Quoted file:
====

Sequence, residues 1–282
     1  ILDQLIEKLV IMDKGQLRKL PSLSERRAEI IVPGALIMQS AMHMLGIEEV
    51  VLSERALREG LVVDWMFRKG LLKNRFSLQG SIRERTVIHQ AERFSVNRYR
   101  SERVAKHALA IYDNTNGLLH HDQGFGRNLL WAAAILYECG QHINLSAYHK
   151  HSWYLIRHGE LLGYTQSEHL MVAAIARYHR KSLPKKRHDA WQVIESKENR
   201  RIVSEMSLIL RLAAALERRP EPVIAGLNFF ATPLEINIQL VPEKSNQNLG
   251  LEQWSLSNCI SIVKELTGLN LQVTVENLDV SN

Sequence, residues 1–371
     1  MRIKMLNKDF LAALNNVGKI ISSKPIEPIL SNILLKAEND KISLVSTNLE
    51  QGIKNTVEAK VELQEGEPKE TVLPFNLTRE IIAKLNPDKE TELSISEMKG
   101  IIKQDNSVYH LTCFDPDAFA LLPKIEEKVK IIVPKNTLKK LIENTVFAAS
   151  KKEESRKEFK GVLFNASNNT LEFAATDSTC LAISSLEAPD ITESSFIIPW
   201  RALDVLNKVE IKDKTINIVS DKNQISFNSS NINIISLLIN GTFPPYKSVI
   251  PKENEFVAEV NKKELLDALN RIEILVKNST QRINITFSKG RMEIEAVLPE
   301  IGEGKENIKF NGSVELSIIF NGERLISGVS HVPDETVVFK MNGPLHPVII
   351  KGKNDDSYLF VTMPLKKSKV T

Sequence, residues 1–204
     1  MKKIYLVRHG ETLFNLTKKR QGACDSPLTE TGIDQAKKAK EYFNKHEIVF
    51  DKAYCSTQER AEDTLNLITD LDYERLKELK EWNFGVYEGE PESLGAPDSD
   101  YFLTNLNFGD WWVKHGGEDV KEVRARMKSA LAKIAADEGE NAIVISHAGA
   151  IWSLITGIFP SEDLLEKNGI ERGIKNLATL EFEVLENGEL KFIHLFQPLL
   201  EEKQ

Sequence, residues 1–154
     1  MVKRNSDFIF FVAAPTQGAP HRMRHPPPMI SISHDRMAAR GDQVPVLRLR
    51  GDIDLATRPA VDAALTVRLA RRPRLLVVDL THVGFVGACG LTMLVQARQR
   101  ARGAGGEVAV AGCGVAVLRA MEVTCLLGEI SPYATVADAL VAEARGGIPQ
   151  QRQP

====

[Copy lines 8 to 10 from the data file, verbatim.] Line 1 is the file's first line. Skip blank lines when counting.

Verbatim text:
Sequence, residues 1–371
     1  MRIKMLNKDF LAALNNVGKI ISSKPIEPIL SNILLKAEND KISLVSTNLE
    51  QGIKNTVEAK VELQEGEPKE TVLPFNLTRE IIAKLNPDKE TELSISEMKG